In the last two weeks, I have taken time to lay out the benefits of internalizing the Bible and the general “how-to” guidelines for internalizing verses, whole chapters, and whole books. Several years ago, when I wrote Falling in Love with God’s Word, I included an entire chapter on what not to do when internalizing. Rather than paraphrase it, I thought I’d just give you the whole chapter (so you can avoid the mistakes I made when I first started internalizing).
NOTE: The rest of this post originally appeared in the chapter “Is There Anything I Shouldn’t Do When I Am Internalizing Scripture?” in my book Falling in Love with God’s Word.
I have spent most of this book encouraging you to incorporate various practices that will integrate Scripture Internalization into your study of the Bible. There are, however three “don’ts” of Scripture Internalization.
Don’t forget the message.
Sometimes it is easy to become so focused on getting the words in the right order, that we forget the point of the passage.
Always remember: The goal is to know the Word, not just the words.”
It is vitally important to work at keeping the message fresh.
One way to accomplish this is to keep the emotion in the passage as you internalize. Continue to read out loud, and see and hear the characters speaking and interacting. It is very easy to bear down on the words and allow them to become void of emotion. Avoid this at all costs!
The more alive the Living Word is to you, the easier it will be to remember the words.
Another tool for keeping the message fresh is to make sure that every week or so you take a break from the detail-oriented nature of Scripture Internalization (and Finish Work for that matter) and spend a day going back to Foundational Reading. Taking a day away from the process of internalization to simply enjoy the story or letter makes it much easier to internalize when you come back to it the following day.
Don’t worry about chapter/verse breakdowns until after you know the words.
First of all, you need to decide if knowing the chapter and verse references is important to you. I have decided that knowing the chapter where I can find a verse is important, but knowing all the specific verse references is less important. If someone wants to know where to find the story of “Jesus Feeding 5000 People” or “The Death and Resurrection of Lazarus,” I want to be able to point them to John 6 and John 11. I find it less crucial to say, “John 6:1-15 and John 11:1-44.”
I do know several people however who find it extremely important to know the verses as well as the chapters. You simply need to decide how specific you want to get. Whichever you choose, the most important thing is to internalize in the correct order:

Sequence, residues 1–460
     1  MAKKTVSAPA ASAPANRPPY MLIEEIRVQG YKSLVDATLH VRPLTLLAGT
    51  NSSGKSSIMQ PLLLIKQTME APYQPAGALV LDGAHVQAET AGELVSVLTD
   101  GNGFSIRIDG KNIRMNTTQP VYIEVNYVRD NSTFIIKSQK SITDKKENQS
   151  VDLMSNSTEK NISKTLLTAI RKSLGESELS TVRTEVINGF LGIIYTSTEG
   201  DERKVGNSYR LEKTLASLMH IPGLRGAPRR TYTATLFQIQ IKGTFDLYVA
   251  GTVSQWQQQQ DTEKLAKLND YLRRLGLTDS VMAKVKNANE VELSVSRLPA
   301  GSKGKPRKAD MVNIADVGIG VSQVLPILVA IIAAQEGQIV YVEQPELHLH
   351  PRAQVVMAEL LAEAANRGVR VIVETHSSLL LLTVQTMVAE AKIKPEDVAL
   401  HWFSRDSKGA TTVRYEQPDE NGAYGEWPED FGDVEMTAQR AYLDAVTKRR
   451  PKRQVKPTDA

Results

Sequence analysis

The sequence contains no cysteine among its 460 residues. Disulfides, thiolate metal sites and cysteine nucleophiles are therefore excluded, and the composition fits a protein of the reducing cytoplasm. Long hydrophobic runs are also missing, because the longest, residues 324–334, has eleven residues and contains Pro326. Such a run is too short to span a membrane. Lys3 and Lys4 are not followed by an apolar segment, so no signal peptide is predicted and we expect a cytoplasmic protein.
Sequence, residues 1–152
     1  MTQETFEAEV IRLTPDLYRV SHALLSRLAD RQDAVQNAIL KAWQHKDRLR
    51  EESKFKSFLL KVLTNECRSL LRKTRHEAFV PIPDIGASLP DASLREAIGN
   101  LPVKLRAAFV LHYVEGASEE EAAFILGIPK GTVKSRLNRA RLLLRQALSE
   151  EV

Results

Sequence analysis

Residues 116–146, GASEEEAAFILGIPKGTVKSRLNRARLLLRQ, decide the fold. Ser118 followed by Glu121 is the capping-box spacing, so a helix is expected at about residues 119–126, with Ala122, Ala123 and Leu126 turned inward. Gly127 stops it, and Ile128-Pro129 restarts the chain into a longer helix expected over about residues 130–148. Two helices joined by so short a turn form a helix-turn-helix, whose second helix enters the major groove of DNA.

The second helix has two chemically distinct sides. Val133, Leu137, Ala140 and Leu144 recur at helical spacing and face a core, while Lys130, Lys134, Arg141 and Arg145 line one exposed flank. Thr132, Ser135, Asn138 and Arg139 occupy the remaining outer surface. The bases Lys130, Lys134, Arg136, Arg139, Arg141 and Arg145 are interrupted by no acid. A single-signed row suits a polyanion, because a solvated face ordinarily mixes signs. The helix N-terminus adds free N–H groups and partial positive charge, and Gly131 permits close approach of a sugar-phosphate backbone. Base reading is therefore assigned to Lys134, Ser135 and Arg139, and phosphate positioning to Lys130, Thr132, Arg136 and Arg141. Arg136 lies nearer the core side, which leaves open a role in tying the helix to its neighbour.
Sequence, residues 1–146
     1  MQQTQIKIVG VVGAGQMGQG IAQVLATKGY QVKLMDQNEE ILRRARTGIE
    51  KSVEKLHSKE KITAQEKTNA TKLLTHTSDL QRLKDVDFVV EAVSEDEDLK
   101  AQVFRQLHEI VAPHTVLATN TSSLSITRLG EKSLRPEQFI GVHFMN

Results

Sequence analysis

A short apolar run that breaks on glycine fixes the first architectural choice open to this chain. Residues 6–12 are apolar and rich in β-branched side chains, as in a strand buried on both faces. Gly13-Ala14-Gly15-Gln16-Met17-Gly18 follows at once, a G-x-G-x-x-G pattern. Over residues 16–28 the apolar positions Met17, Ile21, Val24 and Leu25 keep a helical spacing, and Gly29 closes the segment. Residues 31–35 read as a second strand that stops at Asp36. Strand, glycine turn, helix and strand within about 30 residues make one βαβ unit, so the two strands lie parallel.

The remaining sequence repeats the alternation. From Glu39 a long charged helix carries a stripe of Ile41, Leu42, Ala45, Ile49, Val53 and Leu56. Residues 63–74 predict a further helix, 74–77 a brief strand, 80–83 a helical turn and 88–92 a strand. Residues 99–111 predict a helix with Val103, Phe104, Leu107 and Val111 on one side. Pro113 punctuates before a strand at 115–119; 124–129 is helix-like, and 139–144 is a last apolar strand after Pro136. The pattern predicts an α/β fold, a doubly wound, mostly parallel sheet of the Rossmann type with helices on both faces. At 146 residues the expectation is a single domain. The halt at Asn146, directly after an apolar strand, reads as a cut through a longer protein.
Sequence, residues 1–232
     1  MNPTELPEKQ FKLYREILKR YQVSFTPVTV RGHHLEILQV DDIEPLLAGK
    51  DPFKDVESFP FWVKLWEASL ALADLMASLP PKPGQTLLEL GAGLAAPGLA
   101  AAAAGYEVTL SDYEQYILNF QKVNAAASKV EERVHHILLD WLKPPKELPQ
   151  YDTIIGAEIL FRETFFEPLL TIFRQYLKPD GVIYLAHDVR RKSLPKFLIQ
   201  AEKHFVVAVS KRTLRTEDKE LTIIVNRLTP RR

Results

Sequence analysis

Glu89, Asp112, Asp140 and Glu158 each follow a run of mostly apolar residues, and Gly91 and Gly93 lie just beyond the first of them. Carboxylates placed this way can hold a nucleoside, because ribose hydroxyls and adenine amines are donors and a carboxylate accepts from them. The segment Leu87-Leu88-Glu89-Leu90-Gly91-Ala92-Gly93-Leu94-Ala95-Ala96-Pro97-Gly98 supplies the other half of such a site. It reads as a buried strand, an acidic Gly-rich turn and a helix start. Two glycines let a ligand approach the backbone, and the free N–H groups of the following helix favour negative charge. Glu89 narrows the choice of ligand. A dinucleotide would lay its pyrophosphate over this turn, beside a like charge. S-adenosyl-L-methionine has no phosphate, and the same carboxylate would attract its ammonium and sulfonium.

Then individual stories/thoughts…
If you follow this pattern – which is built into this entire Bible study process – you will find that knowing the chapters simply comes with moving through Foundation, Framing, and Finish Work. Learning the verse references will need to be an extra step you add on if you deem that to be important.
Don’t try to internalize something you do not know.
Now, this might seem obvious if you are weaving Scripture Internalization into your study of an entire book. However, there may be times when you want to learn an individual verse or paragraph that has special meaning for you. My encouragement at times like these is to make sure you spend some time familiarizing yourself with the surrounding context.
Let’s say you want to learn II Peter 1:3-4:
HIS DIVINE POWER HAS GIVEN US EVERYTHING WE NEED FOR LIFE AND GODLINESS THROUGH OUR KNOWLEDGE OF HIM WHO CALLED US BY HIS OWN GLORY AND GOODNESS. THROUGH THESE HE HAS GIVEN US HIS VERY GREAT AND PRECIOUS PROMISES, SO THAT THROUGH THEM YOU MAY PARTICIPATE IN THE DIVINE NATURE AND ESCAPE THE CORRUPTION IN THE WORLD CAUSED BY EVIL DESIRES.”
Before learning these verses, it will be extremely helpful for you to take even a few days and apply the Foundational Reading techniques to II Peter. As you become a bit more familiar with the letter, you will find that even these two verses hold greater meaning for you because you know the context in which they were written.
Who knows? You might even find yourself making II Peter the next book you choose to study and internalize!